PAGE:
Thursday, May 04, 2006

More relationships -- Knowledge is Love Edition

Interesting work by Lisa Neff and Benjamin Karney argues that people whose perceptions of their partners are inaccurate when they marry are, unsurprisingly, more likely to divorce:

Despite the strong positive feelings that characterize newlyweds, many marriages end in disappointment. To understand this shift, the authors argue that although newlyweds’ global relationship evaluations may be uniformly positive, not all spouses base their global adoration on an accurate perception of their partner’s specific qualities. Two longitudinal studies confirmed that whereas most newlyweds enhanced their partners at the level of their global perceptions, spouses varied significantly in their perceptions of their partners’ specific qualities. For wives, but not for husbands, more accurate specific perceptions were associated with their supportive behaviors, feelings of control in the marriage, and whether or not the marriage ended in divorce. Thus, love grounded in specific accuracy appears to be stronger than love absent accuracy.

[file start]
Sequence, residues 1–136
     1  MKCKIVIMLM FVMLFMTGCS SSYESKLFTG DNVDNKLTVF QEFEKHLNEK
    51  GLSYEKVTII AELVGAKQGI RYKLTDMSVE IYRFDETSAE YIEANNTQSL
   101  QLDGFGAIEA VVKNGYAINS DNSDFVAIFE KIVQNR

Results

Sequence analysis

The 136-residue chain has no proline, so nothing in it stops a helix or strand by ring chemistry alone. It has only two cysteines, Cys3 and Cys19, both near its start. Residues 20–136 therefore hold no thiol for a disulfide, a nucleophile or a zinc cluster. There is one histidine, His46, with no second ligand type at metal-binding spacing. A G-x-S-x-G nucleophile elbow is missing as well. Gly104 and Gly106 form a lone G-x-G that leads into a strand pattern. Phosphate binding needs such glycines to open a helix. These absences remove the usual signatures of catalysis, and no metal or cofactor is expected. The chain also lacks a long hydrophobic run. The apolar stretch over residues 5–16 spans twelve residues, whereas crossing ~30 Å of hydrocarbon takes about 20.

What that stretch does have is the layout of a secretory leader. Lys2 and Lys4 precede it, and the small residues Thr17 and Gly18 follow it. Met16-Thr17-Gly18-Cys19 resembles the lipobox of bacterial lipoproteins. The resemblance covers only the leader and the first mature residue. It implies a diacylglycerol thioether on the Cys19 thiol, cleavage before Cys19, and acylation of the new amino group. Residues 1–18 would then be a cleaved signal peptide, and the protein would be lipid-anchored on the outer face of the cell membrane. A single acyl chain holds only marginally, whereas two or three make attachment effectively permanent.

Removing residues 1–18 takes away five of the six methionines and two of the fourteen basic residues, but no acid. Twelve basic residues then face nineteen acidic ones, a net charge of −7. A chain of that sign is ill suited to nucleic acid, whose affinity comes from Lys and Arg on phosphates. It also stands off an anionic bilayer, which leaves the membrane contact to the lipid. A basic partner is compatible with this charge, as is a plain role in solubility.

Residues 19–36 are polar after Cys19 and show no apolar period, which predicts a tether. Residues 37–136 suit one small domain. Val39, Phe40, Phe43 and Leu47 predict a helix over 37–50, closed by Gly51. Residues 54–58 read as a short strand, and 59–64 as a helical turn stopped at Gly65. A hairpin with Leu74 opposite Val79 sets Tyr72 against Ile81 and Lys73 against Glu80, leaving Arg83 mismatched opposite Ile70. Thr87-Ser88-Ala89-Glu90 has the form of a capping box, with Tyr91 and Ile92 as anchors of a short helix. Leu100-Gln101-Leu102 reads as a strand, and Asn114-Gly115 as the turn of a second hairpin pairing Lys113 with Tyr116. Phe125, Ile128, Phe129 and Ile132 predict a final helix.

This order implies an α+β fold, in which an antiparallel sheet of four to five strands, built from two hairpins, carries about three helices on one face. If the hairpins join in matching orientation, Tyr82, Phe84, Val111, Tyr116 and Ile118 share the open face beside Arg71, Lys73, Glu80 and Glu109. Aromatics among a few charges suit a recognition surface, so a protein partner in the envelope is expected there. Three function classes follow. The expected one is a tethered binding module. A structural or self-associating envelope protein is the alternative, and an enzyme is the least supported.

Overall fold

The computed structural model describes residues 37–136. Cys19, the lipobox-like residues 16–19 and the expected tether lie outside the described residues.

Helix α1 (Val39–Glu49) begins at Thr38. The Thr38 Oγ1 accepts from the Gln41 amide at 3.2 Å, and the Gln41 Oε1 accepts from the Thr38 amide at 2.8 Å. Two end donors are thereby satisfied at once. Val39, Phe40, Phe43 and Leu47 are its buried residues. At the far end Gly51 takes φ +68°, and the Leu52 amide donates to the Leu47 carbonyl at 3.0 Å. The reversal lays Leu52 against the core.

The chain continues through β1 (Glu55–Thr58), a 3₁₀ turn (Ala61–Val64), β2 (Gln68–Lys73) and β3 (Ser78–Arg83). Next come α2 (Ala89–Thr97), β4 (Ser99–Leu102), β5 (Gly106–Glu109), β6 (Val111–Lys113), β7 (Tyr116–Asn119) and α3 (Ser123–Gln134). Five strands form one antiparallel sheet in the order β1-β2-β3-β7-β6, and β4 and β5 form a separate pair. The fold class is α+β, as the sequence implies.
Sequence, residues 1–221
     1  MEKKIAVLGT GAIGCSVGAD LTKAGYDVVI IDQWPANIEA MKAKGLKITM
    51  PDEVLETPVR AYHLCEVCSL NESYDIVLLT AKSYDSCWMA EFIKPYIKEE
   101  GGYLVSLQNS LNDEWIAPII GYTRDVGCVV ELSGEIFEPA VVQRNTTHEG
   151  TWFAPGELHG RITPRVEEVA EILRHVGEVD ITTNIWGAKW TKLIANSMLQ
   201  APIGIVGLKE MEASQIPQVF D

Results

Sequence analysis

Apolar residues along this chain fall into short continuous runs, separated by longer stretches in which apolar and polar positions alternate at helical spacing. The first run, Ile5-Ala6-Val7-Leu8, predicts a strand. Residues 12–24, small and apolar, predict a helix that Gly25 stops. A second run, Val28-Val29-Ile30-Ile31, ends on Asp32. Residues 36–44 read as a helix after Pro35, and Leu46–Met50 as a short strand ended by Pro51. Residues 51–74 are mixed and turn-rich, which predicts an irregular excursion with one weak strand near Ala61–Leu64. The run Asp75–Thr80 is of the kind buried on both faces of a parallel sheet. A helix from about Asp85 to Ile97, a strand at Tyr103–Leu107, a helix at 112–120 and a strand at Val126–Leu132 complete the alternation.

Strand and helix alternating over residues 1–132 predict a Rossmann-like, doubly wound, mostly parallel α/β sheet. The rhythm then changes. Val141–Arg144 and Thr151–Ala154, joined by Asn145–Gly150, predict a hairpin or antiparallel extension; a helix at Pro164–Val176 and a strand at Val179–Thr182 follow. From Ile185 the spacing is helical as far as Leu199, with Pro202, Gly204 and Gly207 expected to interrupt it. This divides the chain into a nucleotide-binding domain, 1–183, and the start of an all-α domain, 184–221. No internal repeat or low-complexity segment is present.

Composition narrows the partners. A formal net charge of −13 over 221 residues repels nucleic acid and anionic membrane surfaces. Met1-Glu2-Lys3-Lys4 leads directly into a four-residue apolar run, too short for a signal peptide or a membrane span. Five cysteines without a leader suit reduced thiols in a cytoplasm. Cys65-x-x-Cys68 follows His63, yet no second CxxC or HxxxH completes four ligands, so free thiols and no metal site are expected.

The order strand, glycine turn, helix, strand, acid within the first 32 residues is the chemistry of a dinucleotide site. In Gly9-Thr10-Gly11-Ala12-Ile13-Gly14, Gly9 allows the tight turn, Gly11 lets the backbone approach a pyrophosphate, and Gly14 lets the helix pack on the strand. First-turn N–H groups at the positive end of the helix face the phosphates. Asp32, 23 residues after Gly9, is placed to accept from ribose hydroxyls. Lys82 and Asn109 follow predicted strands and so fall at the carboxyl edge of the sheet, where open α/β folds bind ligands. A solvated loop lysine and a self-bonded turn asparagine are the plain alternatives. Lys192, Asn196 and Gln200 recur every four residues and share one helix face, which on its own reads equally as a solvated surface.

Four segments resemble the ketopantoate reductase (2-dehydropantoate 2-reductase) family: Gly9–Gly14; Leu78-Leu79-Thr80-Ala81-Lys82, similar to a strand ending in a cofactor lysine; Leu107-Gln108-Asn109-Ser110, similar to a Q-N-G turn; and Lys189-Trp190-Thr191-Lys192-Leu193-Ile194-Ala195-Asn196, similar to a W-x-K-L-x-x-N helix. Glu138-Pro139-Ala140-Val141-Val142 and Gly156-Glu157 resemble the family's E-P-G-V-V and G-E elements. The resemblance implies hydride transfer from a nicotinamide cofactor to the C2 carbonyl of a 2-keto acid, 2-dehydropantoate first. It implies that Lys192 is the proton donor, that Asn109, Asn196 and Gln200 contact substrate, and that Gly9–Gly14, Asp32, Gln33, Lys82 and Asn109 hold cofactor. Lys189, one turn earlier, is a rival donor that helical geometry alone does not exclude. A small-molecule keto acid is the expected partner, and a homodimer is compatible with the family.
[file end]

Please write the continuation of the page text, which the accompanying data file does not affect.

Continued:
This suggests that a key element of dating is to develop accurate perceptions of your partner. Adjust your behavior accordingly.

Update -- a friend forwards a different summary of the research from one the authors (who felt my post was slightly off the mark):

"The point of that paper really was this: the ideal circumstance for newlyweds is to understand each other's specific strengths and weaknesses accurately, and then globally to love the heck out of each other. We contrasted this position with newlyweds whose overall love was not grounded in a specific understanding. The latter group did worse. Of course, newlyweds without the global love part did the very worst."

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